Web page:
The Productive Garden

Everything Grown on Dirt Road Farm in Weston Makes Its Way to the Table



Driving north into Weston, one feels farther and farther removed from twenty-first-century speed and stress. When your car reaches a part of the road that disappears into hard-packed dirt and gravel, you know that you have come to a different place. Such is the journey to admire the garden of Phoebe Cole-Smith.

It’s a part of town where the trees make a canopy over the road, and many of the houses date from another time. It’s quiet, except for the birds and the gentle clucking of Phoebe’s chickens, their coop positioned at one corner of her growing area, close to the vegetable patch and a cutting garden for flowers. One border near the house is accented with a row of boxes containing active beehives and, she says, at certain times of the year sap buckets hang from dozens of maple trees in the woodland area of the property. This hub of nature’s creative activity welcomes friends and family to Dirt Road Farm.

Phoebe’s relationship with growing things and raising food began early. “My mom was a great cook, and when we were small she introduced us to dandelion greens from our backyard in suburban Illinois, way before the words ‘local’ and ‘organic’ were even thought about,” she recalls. Her parents later moved to a 120-acre farm in Illinois.

“We had bees and chickens, and my mother cooked from the garden. Later on, they realized that the local high school wasn’t working out for me, and sent me to the Putney School in Vermont.”

It was there that Phoebe’s lifelong connection to food and farms solidified. Part of the program included working in the school’s barn and caring for the animals; she was hooked. Although she moved to the city for a publishing career after college, her passion for food remained unquenched.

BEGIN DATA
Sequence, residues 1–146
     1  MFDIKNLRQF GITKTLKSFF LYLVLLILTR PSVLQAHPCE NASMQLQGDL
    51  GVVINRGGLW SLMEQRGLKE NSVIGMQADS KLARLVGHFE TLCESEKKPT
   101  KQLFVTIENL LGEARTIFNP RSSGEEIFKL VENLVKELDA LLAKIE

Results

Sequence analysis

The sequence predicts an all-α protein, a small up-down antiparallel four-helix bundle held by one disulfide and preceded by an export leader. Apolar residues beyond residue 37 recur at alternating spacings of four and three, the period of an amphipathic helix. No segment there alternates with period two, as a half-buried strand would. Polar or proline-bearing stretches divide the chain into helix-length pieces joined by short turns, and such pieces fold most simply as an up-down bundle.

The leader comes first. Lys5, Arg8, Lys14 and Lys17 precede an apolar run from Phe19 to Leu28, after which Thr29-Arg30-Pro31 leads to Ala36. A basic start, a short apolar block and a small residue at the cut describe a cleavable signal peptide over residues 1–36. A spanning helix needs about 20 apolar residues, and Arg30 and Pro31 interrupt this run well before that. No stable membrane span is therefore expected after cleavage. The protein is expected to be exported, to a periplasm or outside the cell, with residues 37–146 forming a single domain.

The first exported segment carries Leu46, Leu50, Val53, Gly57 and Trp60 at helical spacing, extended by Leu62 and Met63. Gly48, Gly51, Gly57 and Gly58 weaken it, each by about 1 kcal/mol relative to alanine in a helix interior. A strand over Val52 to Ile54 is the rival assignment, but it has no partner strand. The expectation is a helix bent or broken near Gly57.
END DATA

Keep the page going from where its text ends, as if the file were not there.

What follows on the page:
In 1992, when the older of her two children was ready for kindergarten, the family moved to Weston. She was drawn to the rural character of the old farmhouse and the dirt road that led to it.

“I have to confess I was a little anxious about moving to the suburbs, but I loved this place,” says Phoebe. This “productive gardener,” as she calls herself, grew flowers, as is common here in Fairfield County, but she also made produce part of the plan. As her children approached high school age, she pondered the imminent empty nest, and enrolled in the French Culinary Institute (now the International Culinary Center). As luck would have it, she served her internship at the newly opened Blue Hill at Stone Barns, a pioneer, and now a legend, in the farm-to-table restaurant movement. Inspired, she stepped up the productivity of her own garden.

 

Putting her newly refined cooking skills to work, she began to freelance as a personal chef, preparing meals and parties for local clients who knew or had heard of her expertise, and they spread the word about her talents. Although she has made liberal use of the food and knowledge of local farmers and the local farmers’ markets to inform her selection of ingredients and recipes, she has also stepped up the action in her own garden. At her place—“we started calling it Dirt Road Farm a few years ago, and the name stuck”—Phoebe has followed in her mother’s footsteps, building a chicken coop for a flock of her own hens and starting up hives to harvest her own honey. At the same time, she has sown her produce beds with heirloom seeds from a variety of sources. A small orchard of fruit trees is a recent addition, though they haven’t produced a real harvest just yet.

Four years ago, she gave her husband, Mike, a kit that included three maple tree taps and three buckets as a gift. “Clearly, that present was a hit,” says Phoebe. “We’re now up to 150 taps, and our new evaporator can process 300 gallons of sap in eight hours. Three of our five-and-a-half acres make up our ‘sugarbush.’ We haul all the sap by hand, often in pretty bad weather, and with the help of our friends.” She adds, “It’s hard work, but the end product makes it worth all the trouble.”

Phoebe notes that the menus she creates have introduced many of her clients to the concept of local and organic ingredients.

“Nearly everything I use comes from a local source. A lot of people are excited to learn that what they’re eating has been harvested nearby. Even better, they realize how delicious it all is.”

In the midst of all this industry, the gardens—vegetable, herb and flower—are rich with the appealing forms, colors and scents that drive every gardener to plunge hands into the soil. Phoebe’s loose, informal arrangements of her own flowers dress her tables, and her clients’, with a beauty any garden lover would appreciate. But best of all, Phoebe has the satisfaction of staying true to her roots.

“It’s great to do what you love,” she smiles.

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